Beeswax is a very hard wax with a high melt point. Sometimes this creates a very weak flame, or causes the wick to drown. Beeswax also needs to cool down very gradually, or your candles will have large ugly cracks through them. To prevent these problems, you can blend palm oil with your beeswax. Palm oil is much softer, with a lower melt point, and is a very clean-burning oil to use for candles. I found this article that suggests a 50/50 blend is optimal, and sure enough…my candles finally turned out wonderfully when I did this!
Note: Just be sure to find palm oil/shortening that is sustainably sourced (like this brand)! Much of the palm oil used today has been produced in a way that destroys rain forests.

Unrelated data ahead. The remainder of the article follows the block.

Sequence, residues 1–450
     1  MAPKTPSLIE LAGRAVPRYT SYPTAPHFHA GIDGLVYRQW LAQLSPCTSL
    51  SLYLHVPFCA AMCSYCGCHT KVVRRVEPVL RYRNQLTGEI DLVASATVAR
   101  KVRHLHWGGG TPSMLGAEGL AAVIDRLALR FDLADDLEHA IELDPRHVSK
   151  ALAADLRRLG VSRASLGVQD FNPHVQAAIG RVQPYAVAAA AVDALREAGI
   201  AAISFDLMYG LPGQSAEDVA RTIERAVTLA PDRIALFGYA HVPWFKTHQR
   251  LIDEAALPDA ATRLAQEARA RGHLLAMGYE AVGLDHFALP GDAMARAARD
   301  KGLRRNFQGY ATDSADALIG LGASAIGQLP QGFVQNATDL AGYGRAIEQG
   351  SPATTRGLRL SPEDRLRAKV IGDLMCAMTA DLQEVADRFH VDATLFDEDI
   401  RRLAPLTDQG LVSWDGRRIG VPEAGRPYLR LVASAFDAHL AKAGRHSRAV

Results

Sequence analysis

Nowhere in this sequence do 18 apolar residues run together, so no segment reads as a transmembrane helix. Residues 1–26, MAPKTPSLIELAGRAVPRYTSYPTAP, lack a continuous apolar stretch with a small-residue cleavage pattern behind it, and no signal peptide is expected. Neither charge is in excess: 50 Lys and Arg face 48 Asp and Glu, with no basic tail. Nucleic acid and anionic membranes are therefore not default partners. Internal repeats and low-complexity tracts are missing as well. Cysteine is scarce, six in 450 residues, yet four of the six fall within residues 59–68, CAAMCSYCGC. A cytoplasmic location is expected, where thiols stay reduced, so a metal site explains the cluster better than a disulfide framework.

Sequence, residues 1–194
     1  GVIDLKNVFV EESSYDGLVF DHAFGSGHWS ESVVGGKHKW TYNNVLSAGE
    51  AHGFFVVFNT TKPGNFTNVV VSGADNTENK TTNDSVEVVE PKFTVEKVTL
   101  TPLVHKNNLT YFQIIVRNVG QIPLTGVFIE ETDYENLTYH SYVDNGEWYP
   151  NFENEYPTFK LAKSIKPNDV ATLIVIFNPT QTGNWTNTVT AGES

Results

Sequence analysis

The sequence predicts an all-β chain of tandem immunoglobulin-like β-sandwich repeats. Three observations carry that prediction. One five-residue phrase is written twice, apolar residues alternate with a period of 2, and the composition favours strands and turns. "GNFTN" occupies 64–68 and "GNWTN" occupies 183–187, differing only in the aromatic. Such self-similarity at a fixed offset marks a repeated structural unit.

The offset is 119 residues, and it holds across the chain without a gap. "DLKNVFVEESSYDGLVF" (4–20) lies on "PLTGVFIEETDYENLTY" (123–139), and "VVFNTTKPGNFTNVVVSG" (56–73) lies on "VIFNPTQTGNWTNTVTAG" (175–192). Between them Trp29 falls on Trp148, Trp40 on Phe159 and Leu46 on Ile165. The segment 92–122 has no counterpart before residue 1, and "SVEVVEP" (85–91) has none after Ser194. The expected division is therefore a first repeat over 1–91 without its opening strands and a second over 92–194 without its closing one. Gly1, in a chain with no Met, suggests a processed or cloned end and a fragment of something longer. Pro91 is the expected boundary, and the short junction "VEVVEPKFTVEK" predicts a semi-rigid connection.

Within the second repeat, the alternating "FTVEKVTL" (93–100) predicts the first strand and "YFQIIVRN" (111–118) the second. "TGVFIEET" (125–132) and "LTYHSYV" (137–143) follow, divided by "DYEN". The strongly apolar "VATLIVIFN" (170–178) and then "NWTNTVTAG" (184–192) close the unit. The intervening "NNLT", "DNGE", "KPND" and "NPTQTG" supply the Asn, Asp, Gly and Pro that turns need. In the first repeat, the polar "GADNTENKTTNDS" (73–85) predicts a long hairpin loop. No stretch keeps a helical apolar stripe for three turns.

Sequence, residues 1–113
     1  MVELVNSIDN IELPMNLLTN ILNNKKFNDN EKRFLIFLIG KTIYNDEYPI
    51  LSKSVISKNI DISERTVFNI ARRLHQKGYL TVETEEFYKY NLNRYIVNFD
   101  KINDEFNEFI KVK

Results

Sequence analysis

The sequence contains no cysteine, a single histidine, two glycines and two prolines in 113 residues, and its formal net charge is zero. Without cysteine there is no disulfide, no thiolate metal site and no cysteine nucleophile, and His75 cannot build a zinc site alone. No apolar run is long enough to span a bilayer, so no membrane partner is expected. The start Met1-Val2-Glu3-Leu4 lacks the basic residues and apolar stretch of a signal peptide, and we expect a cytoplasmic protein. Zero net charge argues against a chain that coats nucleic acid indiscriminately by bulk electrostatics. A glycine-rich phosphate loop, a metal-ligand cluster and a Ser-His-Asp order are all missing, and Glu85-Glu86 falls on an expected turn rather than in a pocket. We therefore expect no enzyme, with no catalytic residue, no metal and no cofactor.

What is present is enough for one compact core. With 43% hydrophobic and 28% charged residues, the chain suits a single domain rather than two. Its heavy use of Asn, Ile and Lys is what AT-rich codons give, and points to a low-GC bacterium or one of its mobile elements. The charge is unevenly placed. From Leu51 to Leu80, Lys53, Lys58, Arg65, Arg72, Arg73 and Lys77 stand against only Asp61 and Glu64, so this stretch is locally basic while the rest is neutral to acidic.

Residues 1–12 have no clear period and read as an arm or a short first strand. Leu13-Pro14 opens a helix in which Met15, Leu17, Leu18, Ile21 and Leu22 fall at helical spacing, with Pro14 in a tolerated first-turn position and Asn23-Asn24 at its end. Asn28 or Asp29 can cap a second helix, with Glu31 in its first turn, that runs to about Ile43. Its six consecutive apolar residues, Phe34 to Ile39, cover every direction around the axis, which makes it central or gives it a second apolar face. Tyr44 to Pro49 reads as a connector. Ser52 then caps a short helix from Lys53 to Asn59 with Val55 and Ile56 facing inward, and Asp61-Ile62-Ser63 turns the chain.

Homemade Beeswax Candles
- 12 oz. beeswax, roughly chopped (find it here or from a local beekeeper)
- 12 oz. organic palm oil/shortening (find a sustainably-sourced brand here)
- mason jars (I filled 4 half-pint jars with this recipe)
- square braided cotton wick (find #4 wick here, and #6 wick here [#6 currently unavailable])
- kitchen scale – for weighing ingredients (find a good one here)
- wooden skewers (cut in half) or pencils – to keep wicks in place (like these)
- newspaper for covering work areas
- large glass measuring cup for melting ingredients (I use this 4 cup Pyrex one)
1. Using a kitchen scale, measure 12 oz. of beeswax in your large glass measuring cup. Place this measuring cup into a pan filled with a few inches of water. Melt beeswax over medium heat. (Do not heat your beeswax over high heat or it could ignite.)